Science & Health

Shots - Health News
1:25 pm
Thu December 18, 2014

NIH Allows Restart Of MERS Research That Had Been Questioned

A transmission electron micrograph shows Middle East respiratory syndrome coronavirus particles (colorized yellow).
NIAID

Originally published on Thu December 18, 2014 1:43 pm

Some researchers who study the virus that causes Middle East respiratory syndrome got an early Christmas present: permission to resume experiments that the federal government abruptly halted in October.

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Shots - Health News
8:47 am
Thu December 18, 2014

Worries About Unusual Botulinum Toxin Prove Unfounded

A culture of Clostridium botulinum, stained with gentian violet.
CDC

Originally published on Thu December 18, 2014 2:05 pm

Remember that worrisome new form of botulinum toxin we told you about in late 2013, the one that supposedly had to be kept secret out of fear it could be used as a bioweapon that would evade all of our medical defenses?

Well, as it turns out, it's not that scary after all. The antitoxin stored in the government's emergency stockpile works and would neutralize the toxin just fine.

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Research News
4:20 am
Thu December 18, 2014

Research Examines Character Concerns Versus Performance In The NFL

Originally published on Thu December 18, 2014 11:31 am

Copyright 2014 NPR. To see more, visit http://www.npr.org/.

Transcript

DAVID GREENE, HOST:

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NPR Story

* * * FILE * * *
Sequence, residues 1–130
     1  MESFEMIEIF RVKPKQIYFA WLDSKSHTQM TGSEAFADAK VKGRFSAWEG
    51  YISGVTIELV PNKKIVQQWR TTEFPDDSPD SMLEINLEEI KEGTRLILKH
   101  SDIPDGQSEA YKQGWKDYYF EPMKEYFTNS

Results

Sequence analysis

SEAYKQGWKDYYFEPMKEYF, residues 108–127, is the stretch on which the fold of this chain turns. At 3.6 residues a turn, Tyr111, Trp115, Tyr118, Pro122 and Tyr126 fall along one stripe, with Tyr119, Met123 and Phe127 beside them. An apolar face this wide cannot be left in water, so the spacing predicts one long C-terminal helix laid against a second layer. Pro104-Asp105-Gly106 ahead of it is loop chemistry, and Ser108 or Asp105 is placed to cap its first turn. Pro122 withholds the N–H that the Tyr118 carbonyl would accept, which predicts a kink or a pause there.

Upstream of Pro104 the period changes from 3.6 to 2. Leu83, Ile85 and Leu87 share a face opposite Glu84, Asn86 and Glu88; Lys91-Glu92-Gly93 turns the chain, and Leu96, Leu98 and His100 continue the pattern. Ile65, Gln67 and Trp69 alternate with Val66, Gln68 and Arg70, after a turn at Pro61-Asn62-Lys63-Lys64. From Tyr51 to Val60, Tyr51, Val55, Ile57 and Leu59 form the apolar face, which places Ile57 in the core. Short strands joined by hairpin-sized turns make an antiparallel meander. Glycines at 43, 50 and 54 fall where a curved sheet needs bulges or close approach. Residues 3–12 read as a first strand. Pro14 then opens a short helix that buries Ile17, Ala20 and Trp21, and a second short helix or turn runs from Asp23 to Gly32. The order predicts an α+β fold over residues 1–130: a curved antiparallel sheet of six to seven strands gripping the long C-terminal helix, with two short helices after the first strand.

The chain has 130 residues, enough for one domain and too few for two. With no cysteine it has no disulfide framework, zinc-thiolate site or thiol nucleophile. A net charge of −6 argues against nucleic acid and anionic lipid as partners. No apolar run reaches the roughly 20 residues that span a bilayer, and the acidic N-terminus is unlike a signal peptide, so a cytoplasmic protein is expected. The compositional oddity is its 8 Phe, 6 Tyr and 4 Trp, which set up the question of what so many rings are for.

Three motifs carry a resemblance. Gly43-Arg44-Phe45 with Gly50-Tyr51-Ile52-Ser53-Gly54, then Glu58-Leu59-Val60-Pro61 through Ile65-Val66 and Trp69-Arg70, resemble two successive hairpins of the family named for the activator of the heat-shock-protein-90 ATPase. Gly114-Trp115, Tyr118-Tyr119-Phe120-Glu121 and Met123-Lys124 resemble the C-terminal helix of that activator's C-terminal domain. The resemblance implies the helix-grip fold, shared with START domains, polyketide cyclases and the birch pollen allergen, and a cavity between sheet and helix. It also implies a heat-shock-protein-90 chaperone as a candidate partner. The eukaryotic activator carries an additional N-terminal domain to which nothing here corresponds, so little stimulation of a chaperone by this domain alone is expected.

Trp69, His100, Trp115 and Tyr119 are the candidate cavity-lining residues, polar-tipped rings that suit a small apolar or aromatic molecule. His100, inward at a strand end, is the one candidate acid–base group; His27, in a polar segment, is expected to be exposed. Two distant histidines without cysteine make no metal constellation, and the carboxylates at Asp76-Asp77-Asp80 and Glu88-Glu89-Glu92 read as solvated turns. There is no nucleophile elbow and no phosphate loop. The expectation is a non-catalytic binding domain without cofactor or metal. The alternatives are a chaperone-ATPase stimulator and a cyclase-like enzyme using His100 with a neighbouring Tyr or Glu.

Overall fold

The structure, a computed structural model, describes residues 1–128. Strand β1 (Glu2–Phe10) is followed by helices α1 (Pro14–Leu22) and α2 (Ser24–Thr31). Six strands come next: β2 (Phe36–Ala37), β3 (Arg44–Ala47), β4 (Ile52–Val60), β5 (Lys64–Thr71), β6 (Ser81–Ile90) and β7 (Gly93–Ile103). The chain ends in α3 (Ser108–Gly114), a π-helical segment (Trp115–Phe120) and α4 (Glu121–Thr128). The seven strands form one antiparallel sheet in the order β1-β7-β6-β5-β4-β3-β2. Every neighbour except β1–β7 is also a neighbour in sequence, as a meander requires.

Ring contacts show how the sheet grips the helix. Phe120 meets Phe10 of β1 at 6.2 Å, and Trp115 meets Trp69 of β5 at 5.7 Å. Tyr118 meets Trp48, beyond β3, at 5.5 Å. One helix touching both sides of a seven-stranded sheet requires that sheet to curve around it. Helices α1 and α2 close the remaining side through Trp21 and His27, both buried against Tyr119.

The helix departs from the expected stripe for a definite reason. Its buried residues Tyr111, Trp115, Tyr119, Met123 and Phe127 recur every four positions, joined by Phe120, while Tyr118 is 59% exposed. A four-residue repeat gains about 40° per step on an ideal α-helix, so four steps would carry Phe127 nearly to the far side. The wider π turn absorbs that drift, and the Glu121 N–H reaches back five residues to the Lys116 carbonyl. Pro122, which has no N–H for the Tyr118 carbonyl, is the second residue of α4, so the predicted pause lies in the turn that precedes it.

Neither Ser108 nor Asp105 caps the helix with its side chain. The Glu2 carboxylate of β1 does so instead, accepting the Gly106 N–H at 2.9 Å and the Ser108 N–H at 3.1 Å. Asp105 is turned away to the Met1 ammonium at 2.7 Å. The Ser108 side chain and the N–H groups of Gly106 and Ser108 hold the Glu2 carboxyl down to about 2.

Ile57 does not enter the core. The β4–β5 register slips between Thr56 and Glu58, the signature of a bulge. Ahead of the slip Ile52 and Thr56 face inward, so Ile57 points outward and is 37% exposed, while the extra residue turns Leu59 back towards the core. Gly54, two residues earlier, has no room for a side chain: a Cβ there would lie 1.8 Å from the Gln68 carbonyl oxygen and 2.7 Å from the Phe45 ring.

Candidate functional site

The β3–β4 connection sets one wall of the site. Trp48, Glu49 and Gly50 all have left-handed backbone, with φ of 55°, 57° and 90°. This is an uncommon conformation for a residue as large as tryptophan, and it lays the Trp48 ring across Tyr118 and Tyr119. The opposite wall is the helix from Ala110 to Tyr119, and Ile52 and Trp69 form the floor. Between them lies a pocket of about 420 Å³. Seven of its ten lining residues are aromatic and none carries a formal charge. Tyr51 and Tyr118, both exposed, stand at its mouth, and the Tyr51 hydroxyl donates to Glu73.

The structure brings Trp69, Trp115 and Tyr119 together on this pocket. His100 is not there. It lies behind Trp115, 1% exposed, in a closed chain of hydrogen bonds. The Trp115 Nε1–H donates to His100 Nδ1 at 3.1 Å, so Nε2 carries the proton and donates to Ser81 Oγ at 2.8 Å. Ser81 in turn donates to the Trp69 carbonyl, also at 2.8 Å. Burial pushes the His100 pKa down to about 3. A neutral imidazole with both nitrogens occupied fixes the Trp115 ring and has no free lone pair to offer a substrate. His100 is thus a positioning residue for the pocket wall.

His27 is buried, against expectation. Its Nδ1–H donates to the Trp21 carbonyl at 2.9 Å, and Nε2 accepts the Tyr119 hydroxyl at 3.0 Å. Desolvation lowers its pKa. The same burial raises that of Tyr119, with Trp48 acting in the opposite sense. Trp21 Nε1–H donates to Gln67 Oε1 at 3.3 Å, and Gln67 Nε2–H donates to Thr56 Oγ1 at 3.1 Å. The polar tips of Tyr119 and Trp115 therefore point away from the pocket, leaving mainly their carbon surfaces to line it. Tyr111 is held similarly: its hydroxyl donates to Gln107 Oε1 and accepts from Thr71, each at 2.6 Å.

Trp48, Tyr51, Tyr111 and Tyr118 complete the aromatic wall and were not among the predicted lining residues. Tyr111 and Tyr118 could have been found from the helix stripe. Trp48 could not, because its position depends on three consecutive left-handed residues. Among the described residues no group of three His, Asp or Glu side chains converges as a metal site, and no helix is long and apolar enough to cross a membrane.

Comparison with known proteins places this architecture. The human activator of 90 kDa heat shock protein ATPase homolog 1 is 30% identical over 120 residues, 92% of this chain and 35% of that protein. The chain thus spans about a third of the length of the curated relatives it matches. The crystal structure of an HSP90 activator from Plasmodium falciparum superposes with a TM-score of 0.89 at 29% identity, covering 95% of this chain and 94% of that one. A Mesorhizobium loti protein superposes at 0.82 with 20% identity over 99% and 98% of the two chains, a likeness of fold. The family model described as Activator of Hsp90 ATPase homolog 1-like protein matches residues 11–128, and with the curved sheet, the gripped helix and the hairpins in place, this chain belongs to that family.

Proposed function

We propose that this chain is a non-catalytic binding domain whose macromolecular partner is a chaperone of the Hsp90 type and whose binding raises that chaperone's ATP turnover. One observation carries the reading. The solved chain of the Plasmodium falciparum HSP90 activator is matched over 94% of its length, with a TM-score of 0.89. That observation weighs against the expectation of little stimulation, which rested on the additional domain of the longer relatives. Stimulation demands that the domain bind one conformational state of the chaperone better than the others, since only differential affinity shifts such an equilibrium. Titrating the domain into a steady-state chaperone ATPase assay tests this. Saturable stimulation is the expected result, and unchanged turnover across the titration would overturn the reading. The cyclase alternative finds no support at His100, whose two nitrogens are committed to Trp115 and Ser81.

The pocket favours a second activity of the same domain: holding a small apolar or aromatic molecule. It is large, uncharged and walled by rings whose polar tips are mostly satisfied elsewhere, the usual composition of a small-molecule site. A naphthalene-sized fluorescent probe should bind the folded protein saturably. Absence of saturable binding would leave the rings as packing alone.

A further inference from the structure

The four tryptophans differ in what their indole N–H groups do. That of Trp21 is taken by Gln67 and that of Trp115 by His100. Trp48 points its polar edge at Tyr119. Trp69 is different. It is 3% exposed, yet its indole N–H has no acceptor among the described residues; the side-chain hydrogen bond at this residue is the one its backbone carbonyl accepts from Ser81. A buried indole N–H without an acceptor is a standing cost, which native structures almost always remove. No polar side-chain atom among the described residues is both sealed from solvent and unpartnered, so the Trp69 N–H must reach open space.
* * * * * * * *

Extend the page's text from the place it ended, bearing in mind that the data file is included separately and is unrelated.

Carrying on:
4:11 am
Thu December 18, 2014

Citing Health, Environment Concerns, New York Moves To Ban Fracking

Originally published on Thu December 18, 2014 11:31 am

Copyright 2014 NPR. To see more, visit http://www.npr.org/.

Transcript

RENEE MONTAGNE, HOST:

The state of New York has banned fracking. After six years of study, the state says there are too many health and environmental questions involved in the controversial drilling method. NPR's Jeff Brady reports.

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Science
2:36 am
Thu December 18, 2014

Arctic Is Warming Twice As Fast As World Average

A lone polar bear poses on a block of arctic sea ice in Russia's Franz Josef Land.
iStockphoto

Originally published on Thu December 18, 2014 11:36 am

The latest word from scientists studying the Arctic is that the polar region is warming twice as fast as the average rise on the rest of the planet. And researchers say the trend isn't letting up. That's the latest from the 2014 Arctic Report Card — a compilation of recent research from more than 60 scientists in 13 countries. The report was released Wednesday by the National Oceanic and Atmospheric Administration.

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Newscast
5:53 pm
Wed December 17, 2014

Bonner Steps Down, Lethal Injection Lawsuit, Toy Drive

Credit The Montgomery Advertiser

    

The first female president of the University of Alabama is stepping down.

The university released a statement from President Judy Bonner on Wednesday saying she will leave office no later than September 30, 2015.

Bonner says she wants to return to the classroom. She plans to take a yearlong sabbatical and resume teaching in fall 2016.

Bonner says she's announcing her departure early to allow time for trustees to begin a search for her replacement next month.

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Shots - Health News
11:06 am
Wed December 17, 2014

Behind The Scenes At The Lab That Fingerprints Microbiomes

Rob Knight, co-founder of the American Gut Project at the University of Colorado in Boulder, works in the lab where the samples are processed.
The American Gut Project

The gut microbiome may soon reveal important answers to questions about our health. But those answers aren't yet easy to spot or quick to obtain.

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Health
4:02 pm